討論逐字稿: How Neoliberalism Threatens Democracy

FYI: This transcript has been reconstructed from notes on paper, so it’s more ‘interpretive’ of what was discussed than a direct record. It's from the discussion about How Neoliberalism Threatens Democracy.

Notes on the video:
Should experts run things?
Is democracy how we should run things?
What are we as a people?
How do we govern properly?
Reason and democratic organization?
Invisible hand of the market?
Can markets determine our future well?
Can markets govern us?
—Markets need/create inequality
Markets generate capital accumulation NOT growth
Markets generate stagnant economy/oligarchic class/renters
Law gets organized around oligarchy
—no equality of opportunity
—no social mobility
—can’t develop ourselves to become what we want

What we get wrong about misogyny

In her book, Kate Manne talks about the logic of misogyny. I feel like this is a very clear description of a root problem in modern society.

Sean Illing: Can you sum up your argument in this book?
Kate Manne: There’s a tendency to define misogyny as this deep hatred in the heart, harbored by men towards girls and women. I define misogyny as social systems or environments where women face hostility and hatred because they’re women in a man's world — a historical patriarchy.
Sean Illing: I always thought of misogyny as an ideology: a body of ideas that exists to justify social relations. But you argue that this is sexism, and that misogyny is better understood as a moral manifestation of sexist ideology.
Kate Manne: Yeah, that's really well put. One way of looking at it is we have these patriarchal social structures, bastions of male privilege where a dominant man might feel entitled to (and often receive) feminine care and attention from women.
I think of misogyny and sexism as working hand-in-hand to uphold those social relations. Sexism is an ideology that says, “These arrangements just make sense. Women are just more caring, or nurturing, or empathetic,” which is only true if you prime people by getting them to identify with their gender.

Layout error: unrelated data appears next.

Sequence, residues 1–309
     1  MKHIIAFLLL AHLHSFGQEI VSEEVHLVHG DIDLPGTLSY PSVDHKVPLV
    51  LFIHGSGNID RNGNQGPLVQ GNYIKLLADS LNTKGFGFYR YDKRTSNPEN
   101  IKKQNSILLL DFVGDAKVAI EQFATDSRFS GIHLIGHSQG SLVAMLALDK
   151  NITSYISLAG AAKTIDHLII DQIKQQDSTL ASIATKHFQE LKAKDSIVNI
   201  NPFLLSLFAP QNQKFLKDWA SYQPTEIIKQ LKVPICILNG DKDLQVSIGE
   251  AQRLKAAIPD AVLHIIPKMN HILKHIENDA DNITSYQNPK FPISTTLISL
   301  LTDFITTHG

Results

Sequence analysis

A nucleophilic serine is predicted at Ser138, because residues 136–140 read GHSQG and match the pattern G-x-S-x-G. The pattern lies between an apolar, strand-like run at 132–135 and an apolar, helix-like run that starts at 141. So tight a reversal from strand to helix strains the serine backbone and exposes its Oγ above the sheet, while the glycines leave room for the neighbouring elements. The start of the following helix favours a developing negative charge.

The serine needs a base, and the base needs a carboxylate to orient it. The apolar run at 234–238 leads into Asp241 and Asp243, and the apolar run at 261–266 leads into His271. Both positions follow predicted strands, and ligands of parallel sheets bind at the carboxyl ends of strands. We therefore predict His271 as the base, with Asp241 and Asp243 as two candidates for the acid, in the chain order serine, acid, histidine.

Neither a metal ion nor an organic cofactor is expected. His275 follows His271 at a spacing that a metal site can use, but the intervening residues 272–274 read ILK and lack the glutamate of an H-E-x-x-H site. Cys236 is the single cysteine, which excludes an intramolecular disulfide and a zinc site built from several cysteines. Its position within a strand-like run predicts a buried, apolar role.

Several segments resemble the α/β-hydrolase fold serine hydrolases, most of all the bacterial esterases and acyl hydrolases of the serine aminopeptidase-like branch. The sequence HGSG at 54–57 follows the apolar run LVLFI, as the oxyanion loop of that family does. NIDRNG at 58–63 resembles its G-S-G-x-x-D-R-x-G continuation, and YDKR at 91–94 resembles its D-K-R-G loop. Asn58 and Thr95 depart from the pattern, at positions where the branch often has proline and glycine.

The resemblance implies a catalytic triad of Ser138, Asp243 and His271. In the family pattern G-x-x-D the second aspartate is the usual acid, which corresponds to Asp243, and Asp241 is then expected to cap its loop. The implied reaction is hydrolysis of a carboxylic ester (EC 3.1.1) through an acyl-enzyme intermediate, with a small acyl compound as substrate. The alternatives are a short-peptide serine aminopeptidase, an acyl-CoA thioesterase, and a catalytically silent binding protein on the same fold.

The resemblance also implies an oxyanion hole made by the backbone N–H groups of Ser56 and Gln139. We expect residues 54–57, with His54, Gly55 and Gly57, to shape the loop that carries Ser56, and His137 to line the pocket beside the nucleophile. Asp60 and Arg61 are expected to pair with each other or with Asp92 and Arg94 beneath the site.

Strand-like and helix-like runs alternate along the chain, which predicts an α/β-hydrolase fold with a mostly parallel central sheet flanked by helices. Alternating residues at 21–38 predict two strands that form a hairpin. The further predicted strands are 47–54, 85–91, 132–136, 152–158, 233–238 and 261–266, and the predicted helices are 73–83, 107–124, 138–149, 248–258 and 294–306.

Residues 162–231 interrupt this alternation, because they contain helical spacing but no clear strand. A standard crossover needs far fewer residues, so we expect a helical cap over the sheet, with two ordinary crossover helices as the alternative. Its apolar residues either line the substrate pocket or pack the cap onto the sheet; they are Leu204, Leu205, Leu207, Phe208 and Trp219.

So, sexism is the ideology that supports patriarchal social relations, but misogyny enforces it when there’s a threat of that system going away.

The Tension Between the Global and the Local

This issue seems to me to be a central conflict in modernity, or maybe a central conflict since cities have become a thing. How do our ambitions for acheivement as individuals resolve with our need to be connected with the people and places we grew up with?
Do you think this is a struggle for people in Taipei? What have been some of the things people think about this problem? What are some of the solutions people have found, and what have we had trouble solving?
Do you think this issue has been exacerbated or simplified by technological innovation, like with cellphones and computers and the internet?


Can I do that and be a scientist too?
I’m a scientist at UC Berkeley—a card-carrying true believer in liberal Enlightenment values. Imagine that I meet a bright young woman in a small town in Wisconsin or Alabama, and that I want to persuade her to become a scientist like me. “Listen, science is really great!,” I say. “We scientists care about truth and reason and human flourishing. We include people from every country and culture. And our values have transformed the world. For thousands of years before the Enlightenment, the speed limit was the pace of a fast horse, and children died all the time. Now ideas move at the speed of light, and a child’s death is an unthinkable tragedy. Democracy has eclipsed tyranny, prosperity has outpaced poverty, medicine has routed illness, individual liberation has uprooted social convention. Come join us!”

The young woman replies, “That sounds fantastic! But there’s just one thing. I love this town. I have a boyfriend who also wants to be a scientist, and I’d like to get married and have a bunch of kids here soon. My parents are looking forward so much to being grandparents, and my own grandparents need me to look after them. My family and friends are all nearby, and I’d like my kids to live in my community and take part in the same traditions I grew up with. Can I do that and be a scientist too?”